Archive for August 2011
IRS should lighten up on Americans living in Canada [editorial]
Vancouver Sun (31 Aug 2011) A14
The editorial calls for leniency from the IRS and commends Canadian refusal “to take part in this witch hunt.”
Deadline for disclosure
Vancouver Observer (30 Aug 2011)
The Sept 9 OVDI deadline approaches. Two personal stories: Dawn C. in Vancouver “never lived or worked in the U.S.” Clarissa came to Canada in 1975, became a citizen in 1980, and has a single-nationality Canadian husband. Tax accountant Steve Flynn points to the option of quiet disclosure with risk of review or audit.
Voluntarily disclose your offshore accounts, or else
New York Times (27 Aug 2011) B5
Sullivan describes two options from the perspective of US residents — “join the program or go it alone and take your chances” — and three groups that would benefit from OVDI: (1) offshore inherited money (2) offshore accounts (3) willful offshore tax evasion.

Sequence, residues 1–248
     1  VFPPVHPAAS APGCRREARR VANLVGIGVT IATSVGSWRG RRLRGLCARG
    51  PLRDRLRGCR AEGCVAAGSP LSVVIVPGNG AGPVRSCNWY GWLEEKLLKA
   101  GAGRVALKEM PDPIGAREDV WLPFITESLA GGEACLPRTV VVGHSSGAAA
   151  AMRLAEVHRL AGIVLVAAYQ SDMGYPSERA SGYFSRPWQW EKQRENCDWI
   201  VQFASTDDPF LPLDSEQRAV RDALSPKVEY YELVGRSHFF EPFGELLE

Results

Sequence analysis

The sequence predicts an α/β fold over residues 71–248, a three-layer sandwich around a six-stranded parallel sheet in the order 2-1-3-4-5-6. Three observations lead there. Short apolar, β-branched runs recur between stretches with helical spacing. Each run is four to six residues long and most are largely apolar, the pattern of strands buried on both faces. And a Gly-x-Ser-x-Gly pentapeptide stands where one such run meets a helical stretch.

IRS sweep: U.S. citizens victimized
Windsor Star (26 Aug 2011)
CRA will not enforce US penalties in Canada. “The gall of the U.S. government is astonishing, as is its intended reach.”
Going quietly into the night may not be the best idea for U.S. citizens living abroad
Forbes (26 Aug 2011)
“The IRS has indicated that it will be looking for individuals who make quiet disclosures and will audit those individuals.” Consequently, a 5 percent penalty under OVDI may offer less risk.
Americans in Canada may be unknowing tax evaders
CBC News (25 Aug 2011)
Windsor professor Christina Simmons has lived in Canada for 25 years and is now trying to become compliant with US tax requirements.
Mary Agnes Welch
Americans renounce citizenship over taxes
Winnipeg Free Press (25 Aug 2011) B4
Julie Veilleux of Lac du Bonnet MB may face at least $80,000 in fines. Born in Ohio, departing the United States after eight years, Veilleux has lived in Canada for almost forty years and became a Canadian citizen in 1995. Veilleux and her sister travelled to Calgary earlier in August to renounce US citizenship. “Veilleux fears the worst — being sued by the IRS, being stopped at the border or having a lien placed against her family’s modest bungalow.”